Research from the National Association of Home Builders (NAHB) shows that first-time home buyers are contributing to an increase in demand for smaller and less expensive new homes. In fact, 41 percent of the 8.4 millions households who bought a home from 2007 to 2009 were first time buyers.
“Builders are increasingly gearing their homes to the needs of first-time buyers, and we expect the trend to continue in the period ahead as the economy begins generating more jobs and more people in their 20s form households,” said Bob Jones, chairman of NAHB and a home builder from Bloomfield Hills, Mich. “New homes are a better match for the needs of the population in general,” Jones said. “Compared to what is typically available in the existing housing stock, they are more energy-efficient, easier to maintain and have designs better suited to today’s lifestyles.”
The market share of first-timers was up from 35 percent in both 2005 and 2007. Although some of the demand was fueled by the initial version of the home buyer tax credit in mid-2008, which was specifically targeted to those buying a home for the first time, the upward trend is expected to continue as children of baby boomers — members of a generation that is larger than their parents’ — move into their household formation years in the period ahead.
Although new housing is significantly more expensive than the existing housing stock, 13 percent of first-time buyers between 2007 and 2009 purchased new homes. By comparison, 17 percent of all the homes sold during that period were new.
Competing with foreclosures and large house price declines in the existing home market, new homes lost ground disproportionately during the housing downturn, falling from a 21 percent share of the homes sold in both 2005 and 2007.
The average market value of a new home purchased was more than $315,000, compared to more than $238,000 for existing homes.
First-time buyers for the two years of the study had an average age of 34, compared to 46 for those trading up.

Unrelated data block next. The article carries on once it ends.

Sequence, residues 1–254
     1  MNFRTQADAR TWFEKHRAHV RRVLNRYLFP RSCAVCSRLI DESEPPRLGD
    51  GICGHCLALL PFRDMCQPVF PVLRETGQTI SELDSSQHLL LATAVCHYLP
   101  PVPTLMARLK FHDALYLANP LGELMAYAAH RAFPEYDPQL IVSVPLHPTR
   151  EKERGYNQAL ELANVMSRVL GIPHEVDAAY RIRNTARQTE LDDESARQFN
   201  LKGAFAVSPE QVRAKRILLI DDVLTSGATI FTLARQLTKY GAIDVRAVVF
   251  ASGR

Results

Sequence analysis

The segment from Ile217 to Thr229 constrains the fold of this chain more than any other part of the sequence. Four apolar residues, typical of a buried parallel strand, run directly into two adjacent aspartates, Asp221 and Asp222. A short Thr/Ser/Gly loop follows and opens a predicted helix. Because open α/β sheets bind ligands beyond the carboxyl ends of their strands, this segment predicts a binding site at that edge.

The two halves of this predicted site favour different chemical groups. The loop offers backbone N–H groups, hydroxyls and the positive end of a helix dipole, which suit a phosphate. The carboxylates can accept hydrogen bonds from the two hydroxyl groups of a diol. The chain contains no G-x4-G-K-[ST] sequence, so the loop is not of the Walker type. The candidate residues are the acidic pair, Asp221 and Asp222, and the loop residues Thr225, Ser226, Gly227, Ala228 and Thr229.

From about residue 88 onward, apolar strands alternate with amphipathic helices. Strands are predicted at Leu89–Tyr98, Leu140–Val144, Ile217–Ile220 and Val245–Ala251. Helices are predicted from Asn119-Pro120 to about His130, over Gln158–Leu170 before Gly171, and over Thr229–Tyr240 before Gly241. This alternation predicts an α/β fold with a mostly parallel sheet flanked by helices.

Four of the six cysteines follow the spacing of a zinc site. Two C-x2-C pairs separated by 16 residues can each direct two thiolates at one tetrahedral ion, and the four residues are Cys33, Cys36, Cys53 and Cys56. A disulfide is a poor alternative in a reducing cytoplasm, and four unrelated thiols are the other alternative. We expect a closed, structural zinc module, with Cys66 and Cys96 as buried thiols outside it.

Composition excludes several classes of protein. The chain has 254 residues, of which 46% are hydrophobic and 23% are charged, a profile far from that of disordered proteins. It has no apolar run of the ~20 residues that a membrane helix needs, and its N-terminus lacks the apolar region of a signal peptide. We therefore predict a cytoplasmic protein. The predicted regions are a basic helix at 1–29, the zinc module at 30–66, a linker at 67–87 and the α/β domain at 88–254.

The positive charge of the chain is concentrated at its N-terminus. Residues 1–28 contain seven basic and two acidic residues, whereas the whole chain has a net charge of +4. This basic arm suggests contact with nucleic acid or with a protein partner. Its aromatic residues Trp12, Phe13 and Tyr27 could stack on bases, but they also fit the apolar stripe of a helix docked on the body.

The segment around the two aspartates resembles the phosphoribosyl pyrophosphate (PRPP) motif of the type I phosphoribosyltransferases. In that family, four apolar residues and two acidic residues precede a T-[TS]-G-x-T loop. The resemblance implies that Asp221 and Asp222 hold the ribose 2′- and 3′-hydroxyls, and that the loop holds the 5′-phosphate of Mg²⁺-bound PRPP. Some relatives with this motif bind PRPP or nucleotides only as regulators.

The average income of first-timers was over $67,000, about 30 percent below the average household income of trade-up buyers of $97,000. About half of the first-time buyers earned less than $60,000.
The household size of both first-time and trade-up buyers has been declining, while single-person households have been on the rise.
First-timers bought homes with an average market value of about $184,000, compared to more than $297,000 for trade-up buyers.
First-time buyers bought homes averaging 1,874 square feet, significantly below the 2,549-square-foot home purchased on average by those trading up. Forty-six percent of first-timers bought homes smaller than 1,500 square feet.
The large majority of first-time buyers — 82 percent — purchased single-family detached homes.
Looking at survey findings on the reasons that buyers chose a particular home, the NAHB study notes that price was the top consideration for 38 percent of the first-time buyers, followed by the design and layout of the home, at 36 percent.
On average, first-time home buyers looked at 15 homes before making their purchase; 63 percent used their savings as the source of the downpayment; and 22 percent of them had no downpayment. That was down from a peak of 25 percent in 2007, reflecting a tightening of credit standards in the mortgage market.
The full report is available at www.nahb.org/homebuyerstudy.